Tod’s Turns Private

Italian Luxury Company Launches $344 Million Bid to Privatize Company and Spur a Revival

by Billie Rose Owen

The Della Valle founders and largest shareholder of Tod’s have launched a bid of $344 million to buy out the brand’s other investors and turn the company private.

The Della Valle brothers stated that their holding company would pay 40 euros for each Tod’s share, which is a 20.4% premium to the stock’s closing price on Tuesday, valuing the company at €1.32 billion. This price is the same price the company previously set at the time of its initial public offering in 2000.

The bid has been launched with the intention to revive the luxury Italian brand: Greatly defined by its Gommino loafers – the brand’s quintessential driving shoe – Tod’s has struggled to tap into the market of younger, luxury consumers, a challenge shared by other Italian brands that have built success through craftsmanship.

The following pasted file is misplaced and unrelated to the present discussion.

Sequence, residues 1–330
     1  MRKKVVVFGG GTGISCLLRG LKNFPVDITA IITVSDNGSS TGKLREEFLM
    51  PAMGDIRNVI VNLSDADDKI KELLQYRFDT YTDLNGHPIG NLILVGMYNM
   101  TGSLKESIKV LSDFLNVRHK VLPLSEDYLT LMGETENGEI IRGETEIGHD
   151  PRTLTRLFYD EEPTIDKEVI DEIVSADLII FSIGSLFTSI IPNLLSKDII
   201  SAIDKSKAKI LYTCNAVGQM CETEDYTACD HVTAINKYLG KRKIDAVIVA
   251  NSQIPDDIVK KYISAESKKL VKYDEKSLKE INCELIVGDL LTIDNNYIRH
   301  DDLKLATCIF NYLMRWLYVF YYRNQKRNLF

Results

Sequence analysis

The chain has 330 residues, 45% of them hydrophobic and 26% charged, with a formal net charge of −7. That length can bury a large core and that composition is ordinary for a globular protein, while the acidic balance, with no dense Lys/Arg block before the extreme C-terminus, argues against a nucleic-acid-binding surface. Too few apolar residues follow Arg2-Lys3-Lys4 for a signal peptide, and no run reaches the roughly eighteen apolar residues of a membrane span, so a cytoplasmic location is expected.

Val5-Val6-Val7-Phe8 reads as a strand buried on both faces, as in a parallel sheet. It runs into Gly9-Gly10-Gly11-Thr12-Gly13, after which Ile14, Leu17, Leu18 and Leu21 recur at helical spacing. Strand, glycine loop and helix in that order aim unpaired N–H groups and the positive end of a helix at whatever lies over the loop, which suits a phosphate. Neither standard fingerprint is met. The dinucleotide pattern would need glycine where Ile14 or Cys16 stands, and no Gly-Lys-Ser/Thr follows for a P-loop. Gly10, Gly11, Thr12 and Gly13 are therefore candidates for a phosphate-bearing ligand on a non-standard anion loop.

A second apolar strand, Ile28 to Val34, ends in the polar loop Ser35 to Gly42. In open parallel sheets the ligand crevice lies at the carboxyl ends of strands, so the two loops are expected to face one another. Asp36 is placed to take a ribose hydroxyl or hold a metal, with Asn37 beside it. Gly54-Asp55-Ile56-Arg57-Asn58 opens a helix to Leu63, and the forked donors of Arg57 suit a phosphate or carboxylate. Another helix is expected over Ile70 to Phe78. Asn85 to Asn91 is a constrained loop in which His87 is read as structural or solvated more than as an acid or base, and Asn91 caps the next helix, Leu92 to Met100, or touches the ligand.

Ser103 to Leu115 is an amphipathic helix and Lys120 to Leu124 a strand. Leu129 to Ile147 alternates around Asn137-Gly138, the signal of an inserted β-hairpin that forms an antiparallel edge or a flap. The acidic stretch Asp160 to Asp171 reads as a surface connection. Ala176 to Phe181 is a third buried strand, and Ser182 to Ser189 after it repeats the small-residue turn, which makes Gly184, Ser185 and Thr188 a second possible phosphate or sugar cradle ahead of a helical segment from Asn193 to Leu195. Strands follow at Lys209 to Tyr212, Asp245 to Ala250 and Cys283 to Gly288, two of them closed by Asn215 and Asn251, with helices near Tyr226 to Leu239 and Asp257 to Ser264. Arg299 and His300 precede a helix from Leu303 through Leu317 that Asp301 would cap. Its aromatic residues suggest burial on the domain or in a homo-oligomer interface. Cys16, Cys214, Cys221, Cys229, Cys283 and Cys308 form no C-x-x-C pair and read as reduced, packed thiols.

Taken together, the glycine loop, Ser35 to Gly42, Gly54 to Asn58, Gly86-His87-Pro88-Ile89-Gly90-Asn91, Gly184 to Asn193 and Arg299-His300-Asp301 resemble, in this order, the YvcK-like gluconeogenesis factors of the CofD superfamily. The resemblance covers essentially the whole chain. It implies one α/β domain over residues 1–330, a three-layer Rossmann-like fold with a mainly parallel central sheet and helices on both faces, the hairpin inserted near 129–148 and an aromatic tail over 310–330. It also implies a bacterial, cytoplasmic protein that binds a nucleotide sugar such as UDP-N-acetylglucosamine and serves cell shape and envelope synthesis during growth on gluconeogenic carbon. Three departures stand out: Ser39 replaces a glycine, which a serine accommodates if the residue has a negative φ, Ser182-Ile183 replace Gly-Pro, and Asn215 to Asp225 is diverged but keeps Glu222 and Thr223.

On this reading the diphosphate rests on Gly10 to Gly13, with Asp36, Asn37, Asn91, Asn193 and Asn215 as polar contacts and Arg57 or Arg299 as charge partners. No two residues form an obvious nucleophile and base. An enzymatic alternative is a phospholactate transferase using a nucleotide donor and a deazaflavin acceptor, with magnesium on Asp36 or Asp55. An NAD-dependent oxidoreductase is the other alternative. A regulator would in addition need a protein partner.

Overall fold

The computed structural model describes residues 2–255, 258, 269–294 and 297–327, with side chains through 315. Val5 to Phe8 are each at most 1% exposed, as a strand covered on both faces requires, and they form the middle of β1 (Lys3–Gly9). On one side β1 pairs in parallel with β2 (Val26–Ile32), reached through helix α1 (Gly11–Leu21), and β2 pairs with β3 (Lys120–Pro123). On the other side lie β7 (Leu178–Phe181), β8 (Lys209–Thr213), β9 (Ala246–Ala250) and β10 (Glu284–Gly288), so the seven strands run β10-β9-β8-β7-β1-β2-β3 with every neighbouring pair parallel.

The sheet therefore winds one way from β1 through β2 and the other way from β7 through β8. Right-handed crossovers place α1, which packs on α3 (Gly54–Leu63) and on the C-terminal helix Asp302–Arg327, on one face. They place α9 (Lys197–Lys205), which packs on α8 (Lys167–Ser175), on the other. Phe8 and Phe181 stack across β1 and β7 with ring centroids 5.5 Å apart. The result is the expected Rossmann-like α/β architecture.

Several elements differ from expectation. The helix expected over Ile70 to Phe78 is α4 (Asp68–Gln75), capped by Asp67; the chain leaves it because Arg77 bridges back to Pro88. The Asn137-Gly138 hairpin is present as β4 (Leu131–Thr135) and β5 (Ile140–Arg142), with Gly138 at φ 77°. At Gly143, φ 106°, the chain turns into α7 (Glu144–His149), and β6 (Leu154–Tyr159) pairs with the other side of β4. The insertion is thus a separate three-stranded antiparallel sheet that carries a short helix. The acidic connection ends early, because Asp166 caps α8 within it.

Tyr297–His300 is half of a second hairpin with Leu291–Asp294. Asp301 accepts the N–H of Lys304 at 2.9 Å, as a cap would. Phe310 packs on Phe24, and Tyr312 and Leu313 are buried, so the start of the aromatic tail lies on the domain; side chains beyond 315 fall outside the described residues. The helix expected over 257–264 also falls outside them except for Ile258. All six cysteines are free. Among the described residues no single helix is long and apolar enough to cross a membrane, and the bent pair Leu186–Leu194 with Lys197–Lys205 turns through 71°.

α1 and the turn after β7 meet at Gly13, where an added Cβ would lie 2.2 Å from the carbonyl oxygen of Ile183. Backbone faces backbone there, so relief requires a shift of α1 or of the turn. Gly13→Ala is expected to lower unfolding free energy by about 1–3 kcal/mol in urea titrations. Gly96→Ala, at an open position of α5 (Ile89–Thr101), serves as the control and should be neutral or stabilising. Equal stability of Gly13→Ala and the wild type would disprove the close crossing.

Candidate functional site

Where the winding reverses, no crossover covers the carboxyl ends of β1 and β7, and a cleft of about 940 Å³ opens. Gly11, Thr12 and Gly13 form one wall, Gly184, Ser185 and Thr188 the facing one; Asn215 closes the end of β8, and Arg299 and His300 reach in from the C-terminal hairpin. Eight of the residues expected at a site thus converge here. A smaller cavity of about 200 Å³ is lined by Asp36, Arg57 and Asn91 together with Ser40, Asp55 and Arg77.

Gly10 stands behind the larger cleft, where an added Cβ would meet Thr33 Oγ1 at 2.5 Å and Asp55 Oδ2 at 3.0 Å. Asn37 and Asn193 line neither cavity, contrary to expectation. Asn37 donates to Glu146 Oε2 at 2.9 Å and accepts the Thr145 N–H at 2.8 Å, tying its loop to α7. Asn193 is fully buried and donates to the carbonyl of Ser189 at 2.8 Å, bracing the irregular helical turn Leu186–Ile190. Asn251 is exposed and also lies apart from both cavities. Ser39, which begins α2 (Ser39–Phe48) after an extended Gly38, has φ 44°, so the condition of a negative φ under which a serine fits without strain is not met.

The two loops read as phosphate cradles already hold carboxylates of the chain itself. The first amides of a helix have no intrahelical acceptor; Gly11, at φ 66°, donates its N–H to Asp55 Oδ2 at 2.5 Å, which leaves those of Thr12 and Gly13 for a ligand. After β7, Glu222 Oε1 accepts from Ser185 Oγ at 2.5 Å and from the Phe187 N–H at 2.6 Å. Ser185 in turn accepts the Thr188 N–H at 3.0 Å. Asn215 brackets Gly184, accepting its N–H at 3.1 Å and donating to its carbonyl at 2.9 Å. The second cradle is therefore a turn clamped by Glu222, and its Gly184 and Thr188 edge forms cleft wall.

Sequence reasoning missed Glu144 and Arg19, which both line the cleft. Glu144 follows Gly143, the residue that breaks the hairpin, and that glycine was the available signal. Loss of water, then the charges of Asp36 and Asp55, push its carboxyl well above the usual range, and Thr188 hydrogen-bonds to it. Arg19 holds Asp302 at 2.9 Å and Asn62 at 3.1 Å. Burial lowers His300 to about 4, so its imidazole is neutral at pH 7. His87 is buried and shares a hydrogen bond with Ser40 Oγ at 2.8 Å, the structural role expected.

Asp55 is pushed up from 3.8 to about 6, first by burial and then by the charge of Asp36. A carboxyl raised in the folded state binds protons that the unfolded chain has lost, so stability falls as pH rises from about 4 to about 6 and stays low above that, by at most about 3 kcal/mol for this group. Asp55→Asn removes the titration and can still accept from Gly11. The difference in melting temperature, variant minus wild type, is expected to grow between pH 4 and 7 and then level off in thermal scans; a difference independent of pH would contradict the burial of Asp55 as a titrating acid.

In 2017, Tod’s attempted a strategy shift to revamp its brands (which include Roger Vivier, Hogan, and Fay), but the coronavirus pandemic hindered efforts, instigating five years of consecutive sale declines. In 2021, sales bounced back by nearly 40%.

In a joint statement, the Della Valle brothers’ shared their intention to “enhance the value of the group’s individual brands, giving them strong individual visibility and operational autonomy,”. The brothers also hope that not being publicly listed will allow the company to prioritize growth without being evaluated by short-term results. The statement adds that this will “strengthen the positioning of the brands at the top of the quality and luxury market, with high level of desirability”.

The Della Valle brothers launch their bid to claim an additional 25.6 percent of the company’s shares, adding to their existing stake of 64.5 percent. The remaining 10 percent is held by Delphine SAS, a part of the LVMH group. Delphine SAS has struck an accord with the brothers, and it will remain a shareholder with the same holding in the delisted group.